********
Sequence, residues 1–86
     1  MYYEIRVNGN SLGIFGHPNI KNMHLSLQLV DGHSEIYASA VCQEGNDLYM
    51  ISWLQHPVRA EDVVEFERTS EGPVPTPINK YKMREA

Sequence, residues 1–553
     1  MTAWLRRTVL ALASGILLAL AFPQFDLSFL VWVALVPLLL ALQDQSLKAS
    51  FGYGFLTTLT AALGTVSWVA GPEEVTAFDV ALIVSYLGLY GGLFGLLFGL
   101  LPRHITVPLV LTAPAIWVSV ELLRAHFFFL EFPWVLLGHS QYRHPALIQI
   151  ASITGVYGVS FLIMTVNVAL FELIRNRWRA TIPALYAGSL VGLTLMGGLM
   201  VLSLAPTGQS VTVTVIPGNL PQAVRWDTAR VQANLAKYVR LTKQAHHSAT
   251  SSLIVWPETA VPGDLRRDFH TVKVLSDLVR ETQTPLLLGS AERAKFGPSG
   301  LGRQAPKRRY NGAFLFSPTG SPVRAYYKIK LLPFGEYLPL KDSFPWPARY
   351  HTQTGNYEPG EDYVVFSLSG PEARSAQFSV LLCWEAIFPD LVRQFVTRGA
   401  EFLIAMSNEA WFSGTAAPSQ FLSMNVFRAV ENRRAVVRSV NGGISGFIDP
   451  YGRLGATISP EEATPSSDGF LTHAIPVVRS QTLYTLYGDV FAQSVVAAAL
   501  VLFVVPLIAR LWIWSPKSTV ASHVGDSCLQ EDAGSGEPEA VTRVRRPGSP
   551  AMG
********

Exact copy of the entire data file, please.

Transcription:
Sequence, residues 1–86
     1  MYYEIRVNGN SLGIFGHPNI KNMHLSLQLV DGHSEIYASA VCQEGNDLYM
    51  ISWLQHPVRA EDVVEFERTS EGPVPTPINK YKMREA

Sequence, residues 1–553
     1  MTAWLRRTVL ALASGILLAL AFPQFDLSFL VWVALVPLLL ALQDQSLKAS
    51  FGYGFLTTLT AALGTVSWVA GPEEVTAFDV ALIVSYLGLY GGLFGLLFGL
   101  LPRHITVPLV LTAPAIWVSV ELLRAHFFFL EFPWVLLGHS QYRHPALIQI
   151  ASITGVYGVS FLIMTVNVAL FELIRNRWRA TIPALYAGSL VGLTLMGGLM
   201  VLSLAPTGQS VTVTVIPGNL PQAVRWDTAR VQANLAKYVR LTKQAHHSAT
   251  SSLIVWPETA VPGDLRRDFH TVKVLSDLVR ETQTPLLLGS AERAKFGPSG
   301  LGRQAPKRRY NGAFLFSPTG SPVRAYYKIK LLPFGEYLPL KDSFPWPARY
   351  HTQTGNYEPG EDYVVFSLSG PEARSAQFSV LLCWEAIFPD LVRQFVTRGA
   401  EFLIAMSNEA WFSGTAAPSQ FLSMNVFRAV ENRRAVVRSV NGGISGFIDP
   451  YGRLGATISP EEATPSSDGF LTHAIPVVRS QTLYTLYGDV FAQSVVAAAL
   501  VLFVVPLIAR LWIWSPKSTV ASHVGDSCLQ EDAGSGEPEA VTRVRRPGSP
   551  AMG